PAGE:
So yes, you ARE a soul who inhabits a body and in the end Christ will redeem both!


Episode 201

Disciple Up # 201
Christian Skepticism
By Louie Marsh, 3-3-2021

Intro. Where this came from – the forbidden episode??

 This episode came from two Mike Rowe posts on his FaceBook page and a lot of things that have been rattling around in my head from nearly day one.

Because let’s face it – Hello my name is Louie and I’m a skeptic, and I don’t think I’ll ever recover or want too!

Define the Term:

skepticism noun

skep·​ti·​cism | \ ˈskep-tə-ˌsi-zəm  \

Definition of skepticism

1: an attitude of doubt or a disposition to incredulity either in general or toward a particular object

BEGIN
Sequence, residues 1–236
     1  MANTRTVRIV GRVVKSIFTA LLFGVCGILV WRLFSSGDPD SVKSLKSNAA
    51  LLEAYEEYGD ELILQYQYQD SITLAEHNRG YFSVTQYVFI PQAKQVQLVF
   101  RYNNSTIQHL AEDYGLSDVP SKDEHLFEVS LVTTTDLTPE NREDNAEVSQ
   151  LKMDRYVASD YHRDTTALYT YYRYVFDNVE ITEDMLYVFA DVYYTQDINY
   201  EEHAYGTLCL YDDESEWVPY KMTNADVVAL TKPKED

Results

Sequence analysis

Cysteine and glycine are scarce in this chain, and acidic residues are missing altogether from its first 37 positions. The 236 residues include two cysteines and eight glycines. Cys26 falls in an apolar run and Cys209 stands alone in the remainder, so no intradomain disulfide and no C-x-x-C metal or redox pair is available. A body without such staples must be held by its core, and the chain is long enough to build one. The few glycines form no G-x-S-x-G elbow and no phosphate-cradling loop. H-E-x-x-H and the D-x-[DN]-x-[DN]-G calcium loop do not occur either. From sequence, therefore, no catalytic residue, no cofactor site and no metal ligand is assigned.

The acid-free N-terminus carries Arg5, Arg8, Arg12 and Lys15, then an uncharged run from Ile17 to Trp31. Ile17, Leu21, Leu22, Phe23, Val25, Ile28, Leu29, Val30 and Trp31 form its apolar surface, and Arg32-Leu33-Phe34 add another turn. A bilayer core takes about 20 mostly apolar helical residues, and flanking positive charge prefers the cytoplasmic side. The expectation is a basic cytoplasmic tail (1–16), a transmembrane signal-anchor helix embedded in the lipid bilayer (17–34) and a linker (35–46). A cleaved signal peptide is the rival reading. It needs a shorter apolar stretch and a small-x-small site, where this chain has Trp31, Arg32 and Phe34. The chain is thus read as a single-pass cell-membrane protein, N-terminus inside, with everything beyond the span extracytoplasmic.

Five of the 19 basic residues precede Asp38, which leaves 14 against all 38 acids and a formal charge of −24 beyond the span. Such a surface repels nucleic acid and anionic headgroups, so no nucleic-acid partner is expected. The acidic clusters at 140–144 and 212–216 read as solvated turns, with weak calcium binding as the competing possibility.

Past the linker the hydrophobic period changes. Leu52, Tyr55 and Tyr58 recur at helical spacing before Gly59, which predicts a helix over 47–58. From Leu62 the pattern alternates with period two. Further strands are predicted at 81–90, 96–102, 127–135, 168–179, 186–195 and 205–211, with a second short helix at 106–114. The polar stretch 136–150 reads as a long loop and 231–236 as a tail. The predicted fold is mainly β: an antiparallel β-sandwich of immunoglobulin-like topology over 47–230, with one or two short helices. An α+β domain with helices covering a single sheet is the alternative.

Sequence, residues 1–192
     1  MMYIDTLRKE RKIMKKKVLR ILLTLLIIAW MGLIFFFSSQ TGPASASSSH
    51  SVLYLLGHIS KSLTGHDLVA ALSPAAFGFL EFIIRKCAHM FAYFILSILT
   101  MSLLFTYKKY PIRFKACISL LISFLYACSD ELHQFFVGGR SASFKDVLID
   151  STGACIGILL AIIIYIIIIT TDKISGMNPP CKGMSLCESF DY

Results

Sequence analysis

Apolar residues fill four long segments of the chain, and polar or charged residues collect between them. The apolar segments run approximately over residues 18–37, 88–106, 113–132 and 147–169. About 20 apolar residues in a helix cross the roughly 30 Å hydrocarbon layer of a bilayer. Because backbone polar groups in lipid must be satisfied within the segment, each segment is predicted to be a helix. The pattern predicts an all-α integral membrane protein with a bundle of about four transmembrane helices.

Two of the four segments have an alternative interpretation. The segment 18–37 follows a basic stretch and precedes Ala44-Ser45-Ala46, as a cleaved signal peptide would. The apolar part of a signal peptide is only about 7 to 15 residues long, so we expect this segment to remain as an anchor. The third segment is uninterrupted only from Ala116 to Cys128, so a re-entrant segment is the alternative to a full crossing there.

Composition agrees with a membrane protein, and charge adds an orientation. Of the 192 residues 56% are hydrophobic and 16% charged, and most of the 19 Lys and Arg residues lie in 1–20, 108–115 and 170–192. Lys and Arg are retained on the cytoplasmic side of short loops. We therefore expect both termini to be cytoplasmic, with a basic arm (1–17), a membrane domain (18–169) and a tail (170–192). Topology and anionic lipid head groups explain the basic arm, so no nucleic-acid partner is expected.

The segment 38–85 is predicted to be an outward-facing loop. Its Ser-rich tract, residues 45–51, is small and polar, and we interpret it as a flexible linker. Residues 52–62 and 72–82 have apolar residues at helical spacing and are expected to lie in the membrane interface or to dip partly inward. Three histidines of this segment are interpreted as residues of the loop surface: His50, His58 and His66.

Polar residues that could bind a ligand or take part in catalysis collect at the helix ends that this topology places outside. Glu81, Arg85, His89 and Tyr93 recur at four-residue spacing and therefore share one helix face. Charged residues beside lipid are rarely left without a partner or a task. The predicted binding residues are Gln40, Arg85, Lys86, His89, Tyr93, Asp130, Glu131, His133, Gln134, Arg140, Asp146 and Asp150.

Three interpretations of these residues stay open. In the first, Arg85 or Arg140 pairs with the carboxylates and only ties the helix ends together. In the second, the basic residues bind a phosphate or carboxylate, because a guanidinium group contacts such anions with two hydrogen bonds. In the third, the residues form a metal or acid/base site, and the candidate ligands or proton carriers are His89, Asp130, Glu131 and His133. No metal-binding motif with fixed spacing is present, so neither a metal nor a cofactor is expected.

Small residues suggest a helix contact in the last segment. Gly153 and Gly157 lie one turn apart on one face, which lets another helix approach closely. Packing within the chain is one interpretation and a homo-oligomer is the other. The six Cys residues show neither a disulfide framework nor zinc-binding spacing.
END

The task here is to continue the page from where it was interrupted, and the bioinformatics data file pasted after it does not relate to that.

2a: the doctrine that true knowledge or knowledge in a particular area is uncertain

b: the method of suspended judgment, systematic doubt, or criticism characteristic of skeptics

3: doubt concerning basic religious principles (such as immortality, providence, and revelation)

Basic Premise: We All Need to Be Christian Skeptics!

“…certainty and truth have nothing to do with each other, and credibility is a very fragile thing.” – Mike Rowe

16“Behold, I am sending you out as sheep in the midst of wolves, so be wise as serpents and innocent as doves. 17Beware of men, for they will deliver you over to courts and flog you in their synagogues, 18and you will be dragged before governors and kings for my sake, to bear witness before them and the Gentiles. 19When they deliver you over, do not be anxious how you are to speak or what you are to say, for what you are to say will be given to you in that hour.” (Matthew 10:16–19, ESV)